“Sh’mot beginning with Chapter 16,” said Rabbi Shmuel. “First in English, then Hebrew.”

            Harvey fumed. “I’m tired of Torah. I’d rather play Xbox.”

            “This is the perfect reading for you.” The rabbi winked and pointed to the page. “The children of Israel kvetched day and night in the wilderness. ‘Oy, Moses, we’re wet. We’re cold. We’re starving to death.’ Nu? Is there something we can learn from them?”

            “Yeah.” Folding his arms across his chest, Harvey smirked. “Jews don’t camp.”

***

FAMILY TREE

            “‘And they lived happily ever after.’” Leah shut the storybook.

            Shifra’s raisin-brown eyes, round as bottle caps, sparkled. “Bubbie? Did you love Grandpa at first sight?”

            “He was only eight when we met. Mama took him in…hid him from the khappers, bad men who snatched little Jewish boys from their homes and made them serve twenty-five years in the Czar’s army.”

            “Did she hide him in the closet?”

            “No she was smart, my Mama.”

            “He was like your brother, right?”

            Leah pointed to a tintype on the table of two little bonneted girls and grinned. “More like my sister.”

***

THE HEAVIEST WHEEL ROLLS ACROSS OUR FOREHEADS

            When I was a little girl in the 1950’s, Mom used to take me to visit my aunt in St. Louis. I so looked forward to those train rides. Sunlight dazzled through the trees as they whizzed by and the rhythm of the wheels along the track soothed me.

            Dad, on the other hand, hated trains, but would never tell me why. Only once did he accompany us.

            As we left Union Station, tears trickled from the corners of his faraway eyes.  

            “Daddy, what’s wrong?”

            “The stench was unbearable. Fifty of us crammed into a cattle car. I alone escaped.”

***

HATH NOT A JEW EYES?

            Do you know the word “Jew” is a common insult among Norwegian teens? Should this bother me? After all, I am a Norwegian Jew.  

            “If you prick us, do we not bleed?”

            Reptilian? I’ve been called this. Do people seriously believe this mishegoss—that Jews are lizard creatures from another planet?

            “If you tickle us, do we not laugh?”

             I will never forget holding my father’s hand as we strolled along a mountain path. Two youths shoved him and shouted, “Child murderer!”

             The memory of warm spittle dripping down my face sickens me still.

            “If you wrong us, do we not revenge?”

            Not in Norway. Instead, we hide in plain sight.

            Last summer a group of Hasidim invited us to a Jewish gathering in Oslo. We cranked up the music and danced in front of Parliament.

            I’ve heard that work makes us free, but we’re not falling for that again.               

 

 

 

 

31 March 2017

Published March 29, 2017 by rochellewisoff

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The next photo is the PROMPT. Remember, all photos are property of the photographer, donated for use in Friday Fictioneers only. They shouldn’t be used for any other purpose without express permission. It is proper etiquette to give the contributor credit.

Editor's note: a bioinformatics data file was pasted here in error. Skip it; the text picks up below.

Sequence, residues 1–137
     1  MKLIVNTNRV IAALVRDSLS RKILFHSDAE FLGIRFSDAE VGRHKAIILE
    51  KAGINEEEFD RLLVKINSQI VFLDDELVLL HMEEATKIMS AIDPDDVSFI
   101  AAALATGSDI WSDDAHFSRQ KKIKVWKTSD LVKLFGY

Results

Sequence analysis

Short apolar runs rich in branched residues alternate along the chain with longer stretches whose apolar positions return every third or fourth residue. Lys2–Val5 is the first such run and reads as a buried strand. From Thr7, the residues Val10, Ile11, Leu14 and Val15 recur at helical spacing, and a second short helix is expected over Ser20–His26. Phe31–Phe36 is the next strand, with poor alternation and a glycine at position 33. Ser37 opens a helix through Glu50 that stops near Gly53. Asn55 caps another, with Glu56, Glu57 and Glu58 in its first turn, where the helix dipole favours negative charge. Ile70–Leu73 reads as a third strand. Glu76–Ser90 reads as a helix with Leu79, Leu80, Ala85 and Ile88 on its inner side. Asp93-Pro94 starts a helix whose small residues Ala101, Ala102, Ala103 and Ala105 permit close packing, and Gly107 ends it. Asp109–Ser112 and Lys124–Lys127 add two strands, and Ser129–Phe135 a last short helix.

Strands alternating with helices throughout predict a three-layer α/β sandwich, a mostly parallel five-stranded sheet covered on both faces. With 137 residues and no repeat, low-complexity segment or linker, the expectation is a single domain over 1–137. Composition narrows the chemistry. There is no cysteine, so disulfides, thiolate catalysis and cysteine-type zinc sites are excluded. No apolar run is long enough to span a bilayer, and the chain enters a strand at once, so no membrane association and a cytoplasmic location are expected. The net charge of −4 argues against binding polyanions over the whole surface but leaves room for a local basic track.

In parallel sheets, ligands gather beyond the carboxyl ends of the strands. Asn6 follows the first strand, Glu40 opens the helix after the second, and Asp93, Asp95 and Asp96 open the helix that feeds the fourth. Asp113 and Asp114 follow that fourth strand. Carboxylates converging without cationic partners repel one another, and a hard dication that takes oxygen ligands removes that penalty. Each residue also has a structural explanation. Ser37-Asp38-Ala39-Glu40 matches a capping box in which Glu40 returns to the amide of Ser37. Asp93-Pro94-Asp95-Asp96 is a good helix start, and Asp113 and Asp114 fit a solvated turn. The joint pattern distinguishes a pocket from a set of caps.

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Please be considerate and try to keep your story to 100 words. Thank you. 

***

Genre: Plagiarized Poetry with Apologies to Lewis Carroll

Word Count: 100

*

WHAT’S SO FUNNY?

*

The sun shone on the Med,

Twas shining with all its might.

The sea was wet as wet can be.

Rusty-Drain and Pinky walked hand in hand,

Shuffling through quantities of violet sand.

“If only it were cleared away,” said Pinky. “Wouldn’t it be grand?”

*

“The time has come,” said red-nosed Rusty,

“To speak of many things:

Of poems—purple pygmies—and joy buzzers—

Of snake-proof boots and strings—

And why the Arkansas is boiling hot—

And whether pachyderms have wings.”

*

“O Rusty-dear,” whined Pinky, shedding bitter tears.  

“We’ve had a pleasant run

“Alas, wee whoopee cushion have I none.”

*

*

Any questions?

RUSTY-DRAIN

Click here if you’d like to read Original Poem

PINKY

11 March 2016

Published March 9, 2016 by rochellewisoff

The disc and the dragonfly

Blue Ceiling FF

The following photo is the PROMPT. Keep in mind that all photos are the property of the contributor, therefore copyrighted and require express permission to use for purposes other than Friday Fictioneers. Giving credit to whom credit is due is proper etiquette. 

Please be considerate and make an effort to stay within the suggested word count. 

PHOTO PROMPT - © Emmy L Gant

PHOTO PROMPT – © Emmy L Gant

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Polonius said that brevity is the soul of wit. I’m trying something new for me and it’s ever so brief. Life’s been a bit of a whirlwind lately and my brain is on overload. Much of my writing time and head-space have been given over to my next novel, As One Must, One Can. Thank you for understanding.

Shalom, Rochelle

Genre: Haiku

Word Count: 25

.

.

TABULA RASA

 

sunlight after rain

casts light on sodden pavement

my dry bones languish

***

solomon said there’s

nothing new under the sun

as one must, one can’t

.

.

Unfortunately there are copyright issues concerning a decent recording. Many thanks to my friend Regina O’Hare who videoed this from her phone. Sorry about the quality.